Dediu: Piano Pieces
Neos Classics NEOS 10713
Classical - Instrumental
Dan Dediu: Idyllen und Guerrillen Op. 76, The Grasshopper Op. 112, Lévantiques Op. 64 (excerpts), Sonata No. 4 Op. 60, Les barricades mystérieuses – reloaded
Dan Dediu (piano)
Valentina Sandu-Dediu (piano)
Review by John Broggio - November 8, 2008
A release that combines overt jazz influences with Debussy, the Baroque, the Neo-Classicism of Stravinsky and pretty much everything in between with a startling freshness that, for once, allows truly modern music to be widely recommended.
The opening "Idyllen und Guerrillen" contains an almost Second Viennese School take on the lyrical works of Messiaen as well as some strikingly rhythmical works. Joined by his wife Valentina Sandu-Dediu, Dan Dediu both play with conviction and real style. Much of the writing style is not unusual in terms of the compositional devices employed but the textures are very different to much piano duo playing. "The Grasshopper for the left hand (and...)" is a very demanding piece that uses the piano as a percussive instrument; interesting but not immediately accessible.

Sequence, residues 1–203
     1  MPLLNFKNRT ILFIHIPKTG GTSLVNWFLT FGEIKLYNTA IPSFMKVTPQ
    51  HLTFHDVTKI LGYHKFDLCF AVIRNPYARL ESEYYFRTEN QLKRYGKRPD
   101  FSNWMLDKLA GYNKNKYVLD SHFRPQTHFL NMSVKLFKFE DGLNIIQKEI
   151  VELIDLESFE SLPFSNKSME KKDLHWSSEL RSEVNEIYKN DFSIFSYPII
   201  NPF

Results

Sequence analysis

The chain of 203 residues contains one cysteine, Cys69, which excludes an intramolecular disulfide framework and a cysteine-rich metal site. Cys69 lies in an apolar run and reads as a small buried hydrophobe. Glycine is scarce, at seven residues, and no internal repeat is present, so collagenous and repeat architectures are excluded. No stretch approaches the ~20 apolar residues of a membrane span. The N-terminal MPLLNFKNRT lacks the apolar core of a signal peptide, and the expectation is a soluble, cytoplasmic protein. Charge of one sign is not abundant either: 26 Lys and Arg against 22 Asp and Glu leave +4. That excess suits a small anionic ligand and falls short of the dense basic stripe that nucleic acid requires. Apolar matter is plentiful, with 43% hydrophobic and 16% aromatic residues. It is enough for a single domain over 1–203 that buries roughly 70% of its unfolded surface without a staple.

The three excerpts from Levantiques, "Betes nostalgiques", "Le vent du Transylvanie" and "Rock 'n' roll des Bogomiles" are written in a similar style to the "Idyllen und Guerrillen" but are necessarily less complex as they are written for one pianist only; many stylistic parallels are noticeable and the inclusion of the 'boogy-woogy' bass part way through the final excerpt is managed with great conviction.
The main work is the 9 movement Sonata No.4, in which Dediu by means of a theme and variations gives a post-modern pastiche on the keyboard suite (incorporating Couperin, Bach, Brahms and beyond). The use of sustained high trills in the concluding Fantasia enigmatica give a worthy nod to Beethoven. I leave it to other listeners to find their own connections in this deeply kaleidoscopic music. A small encore in the form of "Les barricades mysterieuses - reloaded" is a reworking of a piece by Couperin of the same name. The music has a largely tonal base and contains a lot of melodies (although some are carefully hidden!) and the composer is a very compelling advocate.
The recording is good without being exceptional in any way.
Copyright © 2008 John Broggio and HRAudio.net